UVA law spokesperson Mary Wood, who initially did not return phone calls, now says the law school has been actively working with President Teresa Sullivan, the university counsel’s office and the police since April 18.

“I’m really disheartened by the university’s response,” says another 2L, who asked that he not be named because of threats from the alt-right. “The administration and police department should issue a no-trespass order against Kessler. There’s a record built that establishes he’s a danger to our community. They have all the information they need and they’ve done nothing while students at the law school have been dealing with this for two weeks right before finals. As a student of color, I expect more from UVA.”

Yesterday Kessler made a return to the law school, but this visit was cut much shorter. He was given a space in a staff office to continue his legal research, according to student sources, when a community activist entered the room. A law school administrator asked Eric Martin to leave and warned him he’d be arrested if he refused. When Martin did not go, two police officers on hand arrested him for trespassing, according video of the encounter.

Wood says Kessler was not given an office and he was being assisted by a law librarian in the librarian’s office.

In a video, Martin says, “If you want to arrest me and not Jason Kessler sitting right there, then go ahead.”

Martin came to grounds after Solidarity Cville tweeted about Kessler’s reappearance at the law school.

This time, Kessler approached Doherty near the circulation desk, and their voices escalated as Doherty stepped in to ask Kessler to leave, according to witnesses. A group of students gathered, brandishing their recording devices, and watched silently through their screens. Police soon escorted Kessler out peacefully.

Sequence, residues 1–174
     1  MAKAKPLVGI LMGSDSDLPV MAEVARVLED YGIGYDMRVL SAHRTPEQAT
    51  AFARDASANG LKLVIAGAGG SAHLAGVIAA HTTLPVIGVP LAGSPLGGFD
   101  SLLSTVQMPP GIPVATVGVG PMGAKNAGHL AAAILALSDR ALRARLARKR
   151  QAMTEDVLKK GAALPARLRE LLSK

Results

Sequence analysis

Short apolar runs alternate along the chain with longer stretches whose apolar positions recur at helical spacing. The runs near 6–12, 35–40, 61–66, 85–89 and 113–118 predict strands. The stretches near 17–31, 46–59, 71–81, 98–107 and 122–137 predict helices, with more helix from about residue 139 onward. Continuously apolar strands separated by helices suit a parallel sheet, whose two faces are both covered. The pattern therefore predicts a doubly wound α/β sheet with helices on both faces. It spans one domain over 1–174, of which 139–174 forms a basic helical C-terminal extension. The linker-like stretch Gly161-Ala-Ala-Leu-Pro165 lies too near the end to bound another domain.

The law school sent out an email alert and a follow-up once “the disturbance [had] been resolved.” Dean Goluboff wrote in the email, “Since last week, we have been working toward limiting access…and the plan was for the new policy to go into effect tomorrow morning. Given today’s events, I have decided to implement that policy immediately.”

Some students were not satisfied last week—nor this week—with the school’s response.

Says second-year Elizabeth Sines, who is currently one of a dozen plaintiffs suing Kessler for injury at the August 12 rally, “At this point, there are a group of us students trying to determine how best to respond if he comes here again, because we realize we can’t rely on the university to do so.”

Goluboff’s email reads, “These two trying events have caused much distress. I share in that distress, and I am devoting my full attention to these matters.”

Correction: The date of Kessler’s first visit was April 18, not April 20.

Updated 3:13pm with additional information from UVA law spokesperson Mary Wood.

Updated 4:38 to remove the name of a person incorrectly identified.